Eternal Ones pgs 226B.indd 5

2/26/10 4:33:11 PM


KIRSTEN

MILLER

finger into his mouth. “Aw, poor thing.” She mussed the boy’s shaggy blond hair. “I’ll be right back. Imogene always sits on the remote. It’s probably wedged between her butt cheeks.” “Should I go get a crowbar?” Beau joked. He rose to his full six foot four and offered Haven a wicked grin, unaware he was only inches away from getting scalped by the ceiling fan. “Keep your voice down.” Haven snickered as she threw open the bedroom door. “You want to get banned for life?” Haven’s bare soles pounded against the floorboards. She liked to put her whole weight into the unladylike display. As she bounded down the stairs and toward the kitchen, her mother stepped out into the hallway, wiping her hands on her apron. She shook her head in a silent plea and held up four fingers still sticky with biscuit batter. Haven slowed her stride and let her feet land lightly. Goading her grandmother was a pleasure she’d have to forgo for now. Four months of good behavior was a small price to pay for her freedom. Come September, she’d be a student at the Fashion Institute of Technology in New York City, with six hundred miles and an entire mountain range between her and East Tennessee. the cu r tains in the sitting room were pulled tight, and even the floral wallpaper looked gray in the gloom. Imogene Snively sat in a silk-covered chair, her spine rigid and her legs crossed at the ankles. Just back from the hairdresser, she sported a silver bouffant that floated several inches above her scalp. Haven stopped in the doorway and let her eyes roam the room, searching for something out of place. A wilted flower snuck into the bouquet of summer roses, or a run that had started in the old lady’s hose. She spotted the smudge she’d left on the mirror above the fireplace—a perfect thumbprint in the righthand corner—and giggled softly. It was a game they played, and today Haven was ahead. 6

Eternal Ones pgs 226B.indd 6

2/26/10 4:33:11 PM


THE

ETERNAL

ONES

“Something funny?” her grandmother asked in the sugary voice she used to bait her traps. “No, ma’am.” “That boy still here?” “Beau,” Haven corrected her. “Excuse me?” Her grandmother’s dainty hand reached for the eyeglasses on the table beside her. “His name is Beau.” “I know his name. . . . ” With her glasses on, she looked the girl over. “Haven, what on earth are you wearing?” Haven spun around in the low-cut black gown. “Like my new dress? Thought I might wear it to church tomorrow.” Imogene Snively’s eyes bulged with indignation. “No granddaughter of mine will stand before the Lord with her—” “Don’t have a stroke, Imogene, I’m only kidding. We’re making this for Bethany Greene.” Haven sighed as she reached beneath the cushion that supported the prim little woman. She fished out the remote control and switched the television on. “Now, what channel do you want?” “Smart aleck,” her grandmother snapped. “Put it on the five o’clock news.” Haven punched a few buttons, and the host of a well-known gossip show popped up on the screen. “I think you’re a little early for the news,” Haven said. “This all right for now?” “When did everything get to be such trash?” her grandmother clucked. “Well, if that’s all there is, go on then and turn up the sound.” Haven watched the volume bar expand at the bottom of the screen. “. . . the nineteen-year-old playboy returned to New York late last night, only a few short hours before his father’s funeral was scheduled to begin. Though their relationship had been strained in recent years, inside sources have informed us that . . .” 7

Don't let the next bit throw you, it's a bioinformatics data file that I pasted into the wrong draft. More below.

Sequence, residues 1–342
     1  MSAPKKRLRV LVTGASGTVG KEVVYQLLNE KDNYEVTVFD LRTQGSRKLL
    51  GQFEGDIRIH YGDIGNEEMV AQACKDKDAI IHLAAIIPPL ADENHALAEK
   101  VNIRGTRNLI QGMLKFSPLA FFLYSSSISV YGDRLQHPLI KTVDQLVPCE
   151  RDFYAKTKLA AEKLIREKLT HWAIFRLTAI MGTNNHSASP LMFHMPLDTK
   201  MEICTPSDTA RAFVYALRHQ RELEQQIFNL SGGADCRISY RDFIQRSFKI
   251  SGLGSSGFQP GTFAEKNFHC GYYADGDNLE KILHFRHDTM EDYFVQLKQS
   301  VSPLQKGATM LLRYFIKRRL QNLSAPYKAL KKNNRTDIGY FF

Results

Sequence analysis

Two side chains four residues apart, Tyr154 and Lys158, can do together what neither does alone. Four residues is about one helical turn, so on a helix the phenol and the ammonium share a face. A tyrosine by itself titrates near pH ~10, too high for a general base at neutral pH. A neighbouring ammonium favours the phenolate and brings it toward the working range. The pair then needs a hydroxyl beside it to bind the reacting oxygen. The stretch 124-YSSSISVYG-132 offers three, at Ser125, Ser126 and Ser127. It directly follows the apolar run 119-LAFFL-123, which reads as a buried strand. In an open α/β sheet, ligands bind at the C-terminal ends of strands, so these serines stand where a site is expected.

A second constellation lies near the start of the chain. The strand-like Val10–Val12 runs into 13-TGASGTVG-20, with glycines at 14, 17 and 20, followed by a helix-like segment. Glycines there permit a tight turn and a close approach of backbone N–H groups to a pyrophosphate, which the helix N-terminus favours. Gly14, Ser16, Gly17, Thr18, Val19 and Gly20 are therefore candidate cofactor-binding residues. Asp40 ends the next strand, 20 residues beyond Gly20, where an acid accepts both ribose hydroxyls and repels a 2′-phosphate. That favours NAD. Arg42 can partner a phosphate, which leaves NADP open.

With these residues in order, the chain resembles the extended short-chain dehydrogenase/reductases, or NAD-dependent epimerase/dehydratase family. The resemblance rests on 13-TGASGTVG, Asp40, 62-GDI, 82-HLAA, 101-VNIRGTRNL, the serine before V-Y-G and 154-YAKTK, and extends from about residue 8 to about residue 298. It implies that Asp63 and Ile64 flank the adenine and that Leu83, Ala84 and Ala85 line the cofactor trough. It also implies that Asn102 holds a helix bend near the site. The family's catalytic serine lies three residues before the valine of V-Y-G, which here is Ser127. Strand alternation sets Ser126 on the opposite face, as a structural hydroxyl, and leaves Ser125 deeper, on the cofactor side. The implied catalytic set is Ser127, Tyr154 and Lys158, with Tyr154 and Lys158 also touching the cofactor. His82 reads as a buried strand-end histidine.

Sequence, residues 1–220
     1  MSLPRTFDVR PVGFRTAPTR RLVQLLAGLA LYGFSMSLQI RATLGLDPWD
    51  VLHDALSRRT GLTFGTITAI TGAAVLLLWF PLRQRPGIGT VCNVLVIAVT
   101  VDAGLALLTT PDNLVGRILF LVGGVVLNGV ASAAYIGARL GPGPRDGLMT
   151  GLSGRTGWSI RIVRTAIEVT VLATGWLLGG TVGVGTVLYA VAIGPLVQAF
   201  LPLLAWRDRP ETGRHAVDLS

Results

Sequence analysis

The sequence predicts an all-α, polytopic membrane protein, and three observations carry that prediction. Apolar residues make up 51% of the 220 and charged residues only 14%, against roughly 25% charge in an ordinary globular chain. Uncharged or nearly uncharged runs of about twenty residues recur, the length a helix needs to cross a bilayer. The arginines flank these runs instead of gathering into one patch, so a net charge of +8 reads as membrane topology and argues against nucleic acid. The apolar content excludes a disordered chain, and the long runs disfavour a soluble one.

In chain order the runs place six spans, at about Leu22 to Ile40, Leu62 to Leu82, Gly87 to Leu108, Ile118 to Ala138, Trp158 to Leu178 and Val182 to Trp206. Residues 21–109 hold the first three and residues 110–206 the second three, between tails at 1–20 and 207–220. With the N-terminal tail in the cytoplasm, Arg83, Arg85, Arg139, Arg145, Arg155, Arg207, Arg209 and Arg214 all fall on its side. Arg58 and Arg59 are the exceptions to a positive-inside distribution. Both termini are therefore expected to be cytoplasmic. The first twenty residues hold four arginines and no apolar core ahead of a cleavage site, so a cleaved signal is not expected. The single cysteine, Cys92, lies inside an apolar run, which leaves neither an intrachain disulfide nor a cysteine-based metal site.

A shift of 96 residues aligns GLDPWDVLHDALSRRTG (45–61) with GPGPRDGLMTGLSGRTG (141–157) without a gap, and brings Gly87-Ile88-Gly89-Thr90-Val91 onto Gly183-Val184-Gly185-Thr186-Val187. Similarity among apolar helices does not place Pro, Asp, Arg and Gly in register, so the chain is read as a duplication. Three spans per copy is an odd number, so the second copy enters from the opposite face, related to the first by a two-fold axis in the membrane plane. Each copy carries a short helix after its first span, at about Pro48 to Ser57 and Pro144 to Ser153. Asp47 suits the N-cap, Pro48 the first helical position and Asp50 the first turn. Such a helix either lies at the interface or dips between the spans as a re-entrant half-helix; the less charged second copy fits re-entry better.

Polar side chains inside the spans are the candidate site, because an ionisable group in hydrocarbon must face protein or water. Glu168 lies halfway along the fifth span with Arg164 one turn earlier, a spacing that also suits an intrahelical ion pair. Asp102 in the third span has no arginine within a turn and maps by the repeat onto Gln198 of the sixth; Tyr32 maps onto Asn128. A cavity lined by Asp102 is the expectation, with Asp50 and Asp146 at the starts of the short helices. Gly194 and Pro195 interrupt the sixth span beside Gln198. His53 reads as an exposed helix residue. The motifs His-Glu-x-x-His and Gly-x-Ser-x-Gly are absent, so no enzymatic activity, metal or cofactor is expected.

Eternal Ones pgs 226B.indd 7

2/26/10 4:33:12 PM


KIRSTEN

MILLER

Haven’s eyes glanced up at the action. A tan, handsome young man slid out of a black Mercedes as camera flashes sparkled in the car’s windshield. For a moment, he stared back at the paparazzi, his face dark and unreadable. Then, unexpectedly, a corner of his mouth curled into a grin. “Ethan,” Haven whispered. A blaze ignited at the tips of her toes. As it began to burn its way upward, Haven felt her knees buckle beneath her. a barrage of images faded as Haven woke. Her eyes were still closed, and one leg was twisted uncomfortably beneath her. She could hear her mother and grandmother whispering nearby. “We can’t let your girl leave town,” her grandmother insisted. “But it hasn’t happened in years.” Her mother sounded frightened. “You weren’t here, Mae. You didn’t hear what she said. It’s starting all over again.”

8

Eternal Ones pgs 226B.indd 8

2/26/10 4:33:12 PM


CHAPTER THREE

The Snively house sat on a wide grassy shelf carved out of a mountainside. Two stories tall, with a fanciful turret that might have held a princess or two, it was the landmark every child searched for when driven into town. In the mornings, the house’s white walls glowed in the sunlight and the crimson azalea bushes that circled the first floor seemed to burn like a bed of live embers. By late afternoon, as the shadow of the mountains crept over the valley, the magic of the Snively house turned dark. Even in the gloaming, with lights blazing from its windows, it couldn’t have appeared less inviting. Shortly after ten a.m., Haven lugged an Adirondack chair to the edge of the lawn. She adjusted her large, round sunglasses and loosened the sash of her kimono. The silk billowed in the late-morning breeze, almost exposing Haven’s naked backside. Sometimes on Sundays she preferred to go without clothes. As far as she was concerned, that was just as the Lord had intended it. At the base of the hill, far below her grandmother’s grand house, 9

Eternal Ones pgs 226B.indd 9

2/26/10 4:33:13 PM


KIRSTEN

MILLER